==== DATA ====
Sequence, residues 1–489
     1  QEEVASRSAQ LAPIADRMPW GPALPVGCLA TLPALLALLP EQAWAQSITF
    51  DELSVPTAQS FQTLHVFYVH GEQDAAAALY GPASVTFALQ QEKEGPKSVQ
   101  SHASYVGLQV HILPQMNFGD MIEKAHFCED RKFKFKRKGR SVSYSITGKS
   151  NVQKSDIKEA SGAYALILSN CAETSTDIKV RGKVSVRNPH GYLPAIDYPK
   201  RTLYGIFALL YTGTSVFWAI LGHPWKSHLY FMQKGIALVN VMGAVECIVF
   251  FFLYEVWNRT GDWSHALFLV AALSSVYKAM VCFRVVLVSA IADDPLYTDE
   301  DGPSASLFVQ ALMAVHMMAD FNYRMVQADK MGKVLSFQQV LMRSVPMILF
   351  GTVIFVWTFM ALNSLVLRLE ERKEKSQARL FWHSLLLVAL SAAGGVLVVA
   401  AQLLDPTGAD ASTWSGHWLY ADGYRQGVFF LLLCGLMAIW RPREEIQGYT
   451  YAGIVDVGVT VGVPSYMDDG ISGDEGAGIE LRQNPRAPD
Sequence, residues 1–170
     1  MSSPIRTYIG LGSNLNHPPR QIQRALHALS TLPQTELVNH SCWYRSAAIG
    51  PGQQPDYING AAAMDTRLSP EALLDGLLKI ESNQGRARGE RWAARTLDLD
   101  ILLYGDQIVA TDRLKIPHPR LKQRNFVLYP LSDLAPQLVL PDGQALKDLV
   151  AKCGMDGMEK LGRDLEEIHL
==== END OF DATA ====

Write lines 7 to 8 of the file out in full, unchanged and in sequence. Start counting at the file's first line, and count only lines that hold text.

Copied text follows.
   251  FFLYEVWNRT GDWSHALFLV AALSSVYKAM VCFRVVLVSA IADDPLYTDE
   301  DGPSASLFVQ ALMAVHMMAD FNYRMVQADK MGKVLSFQQV LMRSVPMILF